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On the shelf: Food Matters, by Mark Bittman

If Michael Pollan is the sustainable food movement's de facto spokesperson, Mark Bittman is its in-house cook. Bittman's cookbooks, columns and blog are beloved for their fundamental premise: that tasty, wholesome, environmentally responsible food is found not in upscale, "green" grocery items so much as in an old-fashioned pantry and some basic kitchen skills.

The publishing strategy behind Food Matters: A Guide to Conscious Eating is fairly transparent. Bittman begins with a whirlwind overview of the cultural and political landscape: overproduction of government-subsidized corn, soy and meat; insidious advertising to promote overconsumption of the same, mostly in highly processed form; the politics behind our deeply compromised food pyramid. He downshifts when he gets into health-related issues, then turns to a lengthy section on meal planning and strategies for healthier eating habits.

Then, less than halfway through, the book turns into a cookbook. I can almost hear the initial planning meeting at Simon & Schuster: It's like a CliffsNotes volume on food politics squeezed into an intro to a self-helpy kind of diet book. Mostly it's just recipes we already have—we can get this out quick.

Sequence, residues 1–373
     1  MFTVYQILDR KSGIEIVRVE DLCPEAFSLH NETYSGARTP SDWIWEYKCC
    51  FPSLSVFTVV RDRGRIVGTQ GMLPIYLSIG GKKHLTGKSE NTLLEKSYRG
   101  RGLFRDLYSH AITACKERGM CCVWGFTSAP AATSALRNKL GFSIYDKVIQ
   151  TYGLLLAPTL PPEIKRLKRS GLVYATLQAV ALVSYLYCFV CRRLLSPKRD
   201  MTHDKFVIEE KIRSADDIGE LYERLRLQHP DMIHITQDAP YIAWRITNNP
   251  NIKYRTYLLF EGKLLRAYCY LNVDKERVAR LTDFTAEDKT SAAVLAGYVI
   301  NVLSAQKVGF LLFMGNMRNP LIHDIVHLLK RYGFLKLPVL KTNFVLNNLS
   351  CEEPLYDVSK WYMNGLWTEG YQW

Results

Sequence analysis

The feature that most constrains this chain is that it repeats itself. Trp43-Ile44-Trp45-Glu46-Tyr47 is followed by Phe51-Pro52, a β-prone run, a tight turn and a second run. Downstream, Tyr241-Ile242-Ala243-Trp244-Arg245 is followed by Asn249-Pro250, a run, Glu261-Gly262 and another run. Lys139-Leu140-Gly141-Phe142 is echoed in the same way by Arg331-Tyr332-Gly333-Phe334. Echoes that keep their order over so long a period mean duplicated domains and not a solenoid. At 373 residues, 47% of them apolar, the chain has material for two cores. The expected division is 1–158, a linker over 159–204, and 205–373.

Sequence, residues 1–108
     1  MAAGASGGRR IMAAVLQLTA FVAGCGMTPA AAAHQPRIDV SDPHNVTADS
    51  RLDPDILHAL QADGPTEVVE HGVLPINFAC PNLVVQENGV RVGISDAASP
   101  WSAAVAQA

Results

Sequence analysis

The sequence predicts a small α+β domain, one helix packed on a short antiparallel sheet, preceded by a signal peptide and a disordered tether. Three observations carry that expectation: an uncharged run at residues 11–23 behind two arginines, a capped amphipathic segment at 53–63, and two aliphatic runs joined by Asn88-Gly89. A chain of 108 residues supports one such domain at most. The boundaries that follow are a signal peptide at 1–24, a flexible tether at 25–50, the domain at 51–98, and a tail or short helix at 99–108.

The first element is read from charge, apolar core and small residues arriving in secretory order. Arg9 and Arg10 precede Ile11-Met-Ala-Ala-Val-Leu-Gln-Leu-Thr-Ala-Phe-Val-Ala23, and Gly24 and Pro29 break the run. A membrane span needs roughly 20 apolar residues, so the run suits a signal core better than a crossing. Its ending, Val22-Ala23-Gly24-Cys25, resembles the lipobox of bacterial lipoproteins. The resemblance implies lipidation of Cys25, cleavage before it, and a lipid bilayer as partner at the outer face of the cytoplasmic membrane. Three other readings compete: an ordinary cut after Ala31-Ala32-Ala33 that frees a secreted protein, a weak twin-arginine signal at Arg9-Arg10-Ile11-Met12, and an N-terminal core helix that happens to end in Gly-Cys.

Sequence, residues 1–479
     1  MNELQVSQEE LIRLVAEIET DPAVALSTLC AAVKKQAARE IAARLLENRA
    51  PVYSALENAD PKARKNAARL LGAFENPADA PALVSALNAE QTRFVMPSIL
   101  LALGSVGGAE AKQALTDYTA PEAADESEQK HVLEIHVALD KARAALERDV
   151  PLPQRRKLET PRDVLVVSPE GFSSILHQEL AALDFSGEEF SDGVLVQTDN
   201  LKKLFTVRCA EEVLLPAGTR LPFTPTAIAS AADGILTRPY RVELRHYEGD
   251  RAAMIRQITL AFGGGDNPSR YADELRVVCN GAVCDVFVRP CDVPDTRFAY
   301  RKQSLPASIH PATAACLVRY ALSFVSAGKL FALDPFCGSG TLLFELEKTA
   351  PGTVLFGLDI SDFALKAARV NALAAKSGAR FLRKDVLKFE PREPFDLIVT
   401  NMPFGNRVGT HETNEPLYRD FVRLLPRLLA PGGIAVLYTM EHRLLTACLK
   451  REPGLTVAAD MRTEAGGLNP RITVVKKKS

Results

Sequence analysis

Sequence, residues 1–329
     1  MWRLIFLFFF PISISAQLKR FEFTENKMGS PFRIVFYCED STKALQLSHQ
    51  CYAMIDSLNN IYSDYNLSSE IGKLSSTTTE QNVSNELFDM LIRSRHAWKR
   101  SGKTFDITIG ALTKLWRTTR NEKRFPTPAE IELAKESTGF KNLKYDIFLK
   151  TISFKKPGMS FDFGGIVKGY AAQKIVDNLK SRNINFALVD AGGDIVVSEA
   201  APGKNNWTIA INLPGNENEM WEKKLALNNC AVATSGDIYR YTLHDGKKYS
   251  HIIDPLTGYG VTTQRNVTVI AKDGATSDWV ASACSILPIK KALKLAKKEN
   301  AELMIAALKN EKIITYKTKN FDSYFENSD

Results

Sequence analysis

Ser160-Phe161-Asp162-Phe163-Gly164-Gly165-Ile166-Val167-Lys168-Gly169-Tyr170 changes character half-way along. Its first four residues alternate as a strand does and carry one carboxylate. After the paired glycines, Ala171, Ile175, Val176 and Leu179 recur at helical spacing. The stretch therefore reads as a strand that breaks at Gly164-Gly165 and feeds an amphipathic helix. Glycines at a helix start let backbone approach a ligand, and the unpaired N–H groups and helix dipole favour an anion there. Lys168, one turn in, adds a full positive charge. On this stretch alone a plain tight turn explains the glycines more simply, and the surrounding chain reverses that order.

Of course, this book wasn't written for me, a movement foodie who reveres Wendell Berry and refers to Bittman's How to Cook Everything as "the Bittman bible." So I liked it better with a little distance. As Norman Wirzba details in the new issue of the Century, the need to move from an oil-based economy to a "sunshine economy"—from industrial to sustainable agriculture—is pressing (not least because of public health risks). On-the-ground efforts to eat more sustainably have democratized considerably in recent years, thanks in part to churches, working in their capacity as neighborhood-level organizers. But the public policy side of the conversation remains much smaller.

What Bittman and his publisher understand is that the market for diet books with recipes is much larger than the one for, say, 8,000-word policy manifestos. Food Matters doesn't break new ground, but it may reach new people.

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